Nineteenth-century Moorish-style homes and lavish gardens — some animals have all the luck.
The 1,000 species of creatures that live in Stuttgart’s Wilhelma Zoo are the tenants of what was once the private garden retreat for King Wilhelm I.
They share the 70-acre park in Bad Cannstatt with Some of the king’s original glass-enclosed buildings and 6,000 varieties of plants.
In fact, the zoo is the only combined zoological, botanical garden and historical building site in Germany, said Karin Herczog, Wilhelma Zoo press officer — “… three things in one that no other garden and park like ours can show.”
The zoo is unique in other ways as well.
“Wilhelma is the only zoo in Germany with a kindergarten for little apes that have lost their mothers,” Herczog said.
The “kindergarten” provides the baby primates with human surrogate mothers until they are about 3 or 4 years old. Then, they can be reintegrated into gorilla families living in other zoos.
Meanwhile, zoo visitors can benefit by watching the babies play and grow in the gorilla kindergarten. Currently, 3-month-old Claudia is the newest member, but the gorilla family in the Ape House next door also has a few new additions of its own.
Other notable exhibits include the nocturnal animal area, which houses an entire room full of different bat species, and the Amazon House, a small-scale replica of the South American rain forest.
“Plants and animals are living together, like in the original rain forest,” Herczog said.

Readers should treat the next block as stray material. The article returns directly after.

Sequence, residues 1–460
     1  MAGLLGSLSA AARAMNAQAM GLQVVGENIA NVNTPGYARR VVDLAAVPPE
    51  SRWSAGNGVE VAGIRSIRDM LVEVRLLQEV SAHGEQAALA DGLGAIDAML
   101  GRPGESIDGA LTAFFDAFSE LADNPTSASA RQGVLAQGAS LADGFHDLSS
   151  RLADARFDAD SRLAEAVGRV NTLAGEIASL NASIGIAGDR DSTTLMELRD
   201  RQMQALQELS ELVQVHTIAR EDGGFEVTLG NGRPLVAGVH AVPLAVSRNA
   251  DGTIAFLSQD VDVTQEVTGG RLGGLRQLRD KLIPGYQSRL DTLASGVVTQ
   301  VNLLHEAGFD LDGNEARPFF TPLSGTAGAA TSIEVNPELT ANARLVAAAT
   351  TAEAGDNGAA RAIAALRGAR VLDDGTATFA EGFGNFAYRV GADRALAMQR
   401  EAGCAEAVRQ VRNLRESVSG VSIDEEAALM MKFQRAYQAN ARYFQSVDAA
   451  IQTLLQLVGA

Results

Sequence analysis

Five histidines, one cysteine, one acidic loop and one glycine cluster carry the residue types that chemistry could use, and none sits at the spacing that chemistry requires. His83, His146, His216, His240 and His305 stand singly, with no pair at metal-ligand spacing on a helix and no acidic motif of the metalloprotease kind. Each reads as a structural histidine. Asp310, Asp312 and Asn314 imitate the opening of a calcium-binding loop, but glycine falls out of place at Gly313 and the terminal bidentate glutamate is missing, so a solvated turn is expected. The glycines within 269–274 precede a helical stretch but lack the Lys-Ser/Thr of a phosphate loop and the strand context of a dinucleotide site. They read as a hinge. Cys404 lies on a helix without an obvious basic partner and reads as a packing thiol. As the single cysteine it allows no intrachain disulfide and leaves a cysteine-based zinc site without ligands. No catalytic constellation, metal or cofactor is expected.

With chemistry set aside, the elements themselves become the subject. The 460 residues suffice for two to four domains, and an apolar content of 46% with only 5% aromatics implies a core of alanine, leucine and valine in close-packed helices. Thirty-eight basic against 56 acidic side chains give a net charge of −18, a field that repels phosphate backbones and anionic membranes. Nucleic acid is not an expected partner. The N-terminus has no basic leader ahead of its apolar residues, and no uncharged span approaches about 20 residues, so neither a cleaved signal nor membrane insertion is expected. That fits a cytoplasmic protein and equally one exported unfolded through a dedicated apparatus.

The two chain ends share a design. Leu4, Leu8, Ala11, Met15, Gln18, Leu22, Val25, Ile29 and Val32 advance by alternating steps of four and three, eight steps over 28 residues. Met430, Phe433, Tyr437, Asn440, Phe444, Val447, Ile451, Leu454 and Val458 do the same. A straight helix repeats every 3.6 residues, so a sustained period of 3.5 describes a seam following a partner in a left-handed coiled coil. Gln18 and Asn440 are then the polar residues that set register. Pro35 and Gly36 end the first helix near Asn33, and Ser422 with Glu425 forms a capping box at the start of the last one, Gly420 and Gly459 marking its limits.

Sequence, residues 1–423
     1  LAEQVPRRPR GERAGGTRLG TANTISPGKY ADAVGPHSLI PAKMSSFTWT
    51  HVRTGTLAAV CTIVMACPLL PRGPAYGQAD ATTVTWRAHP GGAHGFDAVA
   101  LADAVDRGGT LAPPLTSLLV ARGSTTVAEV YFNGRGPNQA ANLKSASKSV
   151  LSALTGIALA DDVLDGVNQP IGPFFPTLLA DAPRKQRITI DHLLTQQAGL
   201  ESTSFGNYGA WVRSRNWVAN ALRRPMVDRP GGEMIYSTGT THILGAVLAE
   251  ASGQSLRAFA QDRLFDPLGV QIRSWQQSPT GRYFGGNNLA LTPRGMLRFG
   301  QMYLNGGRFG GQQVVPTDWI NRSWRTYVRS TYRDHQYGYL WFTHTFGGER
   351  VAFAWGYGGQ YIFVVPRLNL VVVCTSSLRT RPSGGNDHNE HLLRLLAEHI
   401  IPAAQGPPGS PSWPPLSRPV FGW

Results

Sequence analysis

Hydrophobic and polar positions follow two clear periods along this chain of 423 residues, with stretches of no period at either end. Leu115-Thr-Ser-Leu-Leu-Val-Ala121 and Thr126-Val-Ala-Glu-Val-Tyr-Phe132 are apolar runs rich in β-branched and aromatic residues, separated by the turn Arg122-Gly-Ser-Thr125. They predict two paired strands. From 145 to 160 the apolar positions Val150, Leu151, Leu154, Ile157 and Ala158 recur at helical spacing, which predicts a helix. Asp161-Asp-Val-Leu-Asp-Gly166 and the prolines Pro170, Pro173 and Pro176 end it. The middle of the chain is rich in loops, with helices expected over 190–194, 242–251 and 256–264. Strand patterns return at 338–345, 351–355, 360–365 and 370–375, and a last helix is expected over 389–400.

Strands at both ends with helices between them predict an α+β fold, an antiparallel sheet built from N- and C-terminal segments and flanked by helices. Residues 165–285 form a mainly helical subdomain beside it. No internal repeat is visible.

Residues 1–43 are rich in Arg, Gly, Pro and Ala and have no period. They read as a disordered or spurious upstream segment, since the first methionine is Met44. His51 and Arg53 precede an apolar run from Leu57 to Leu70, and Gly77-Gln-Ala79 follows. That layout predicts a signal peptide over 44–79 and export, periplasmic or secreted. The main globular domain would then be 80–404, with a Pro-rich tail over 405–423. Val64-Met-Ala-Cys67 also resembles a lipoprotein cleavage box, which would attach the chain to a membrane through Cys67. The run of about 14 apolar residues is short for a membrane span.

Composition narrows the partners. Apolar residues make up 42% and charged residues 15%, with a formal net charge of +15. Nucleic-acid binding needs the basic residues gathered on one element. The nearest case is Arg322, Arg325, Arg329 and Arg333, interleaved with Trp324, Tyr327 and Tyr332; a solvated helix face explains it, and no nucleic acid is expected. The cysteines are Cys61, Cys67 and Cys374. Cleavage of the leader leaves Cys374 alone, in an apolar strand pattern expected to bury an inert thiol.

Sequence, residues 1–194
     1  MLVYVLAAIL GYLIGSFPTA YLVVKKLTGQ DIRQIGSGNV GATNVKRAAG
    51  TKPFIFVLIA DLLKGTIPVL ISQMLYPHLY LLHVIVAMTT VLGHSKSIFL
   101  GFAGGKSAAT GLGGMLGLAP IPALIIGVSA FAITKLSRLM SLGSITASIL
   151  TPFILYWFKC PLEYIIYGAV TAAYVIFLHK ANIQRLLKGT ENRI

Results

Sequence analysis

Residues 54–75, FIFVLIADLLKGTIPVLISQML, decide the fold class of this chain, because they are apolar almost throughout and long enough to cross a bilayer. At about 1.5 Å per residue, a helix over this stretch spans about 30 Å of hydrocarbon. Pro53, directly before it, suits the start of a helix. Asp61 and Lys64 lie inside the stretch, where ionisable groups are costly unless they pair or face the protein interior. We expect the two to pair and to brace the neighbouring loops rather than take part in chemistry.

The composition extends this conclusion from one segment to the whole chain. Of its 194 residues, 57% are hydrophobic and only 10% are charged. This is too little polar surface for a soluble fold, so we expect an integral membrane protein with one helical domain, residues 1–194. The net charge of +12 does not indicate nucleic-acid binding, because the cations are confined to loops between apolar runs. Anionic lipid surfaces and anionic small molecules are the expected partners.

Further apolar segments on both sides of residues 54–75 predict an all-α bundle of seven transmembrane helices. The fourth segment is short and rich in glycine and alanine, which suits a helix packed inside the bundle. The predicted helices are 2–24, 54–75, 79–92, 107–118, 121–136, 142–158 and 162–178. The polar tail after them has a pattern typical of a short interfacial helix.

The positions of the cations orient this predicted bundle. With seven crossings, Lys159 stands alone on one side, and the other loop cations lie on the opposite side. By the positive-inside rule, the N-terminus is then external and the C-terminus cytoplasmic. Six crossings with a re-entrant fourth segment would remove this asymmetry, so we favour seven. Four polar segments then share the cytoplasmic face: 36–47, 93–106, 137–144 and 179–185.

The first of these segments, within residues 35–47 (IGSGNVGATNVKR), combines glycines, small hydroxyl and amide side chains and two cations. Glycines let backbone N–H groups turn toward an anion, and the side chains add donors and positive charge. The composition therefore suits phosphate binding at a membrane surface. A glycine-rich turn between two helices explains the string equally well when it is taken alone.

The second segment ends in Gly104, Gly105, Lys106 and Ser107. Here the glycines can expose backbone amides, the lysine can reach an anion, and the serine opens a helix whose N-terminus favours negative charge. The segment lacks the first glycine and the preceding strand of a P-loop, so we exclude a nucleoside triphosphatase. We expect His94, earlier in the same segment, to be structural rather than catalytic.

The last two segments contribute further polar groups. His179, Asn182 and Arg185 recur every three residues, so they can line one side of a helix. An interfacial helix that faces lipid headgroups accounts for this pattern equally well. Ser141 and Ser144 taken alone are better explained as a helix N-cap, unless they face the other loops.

Wilhelma showcases a wide range of plants from around the world in the botanical gardens, ranging from orchids to giant sequoia trees from California.
“The gardens at Wilhelma Zoo are beautiful in the spring and summer months when the plants are at their peak,” said Kristin Goad, a Stuttgart military community member who visited the zoo Feb. 25.
“The gardens and interesting buildings make the perfect backdrop for the zoo’s many animals,” she added.
The zoo also features an aquarium, insectarium and demonstration farm, which allows patrons to pet and feed domestic animals, such as goats and sheep.
For a €100 fee, visitors can see other animals up close through Wilhelma’s “Contact with Animals” program, available by appointment. The half-hour visit may include feeding or holding the animal, depending on the species.
The zoo also offers English-language guided tours, if booked in advance, Herczog said.
These tours provide an insider’s look at the animals, plants and buildings, she added.
“[The zoo keepers] tell you stories from backstage,” she said.
For more information, visit www.wilhelma.de.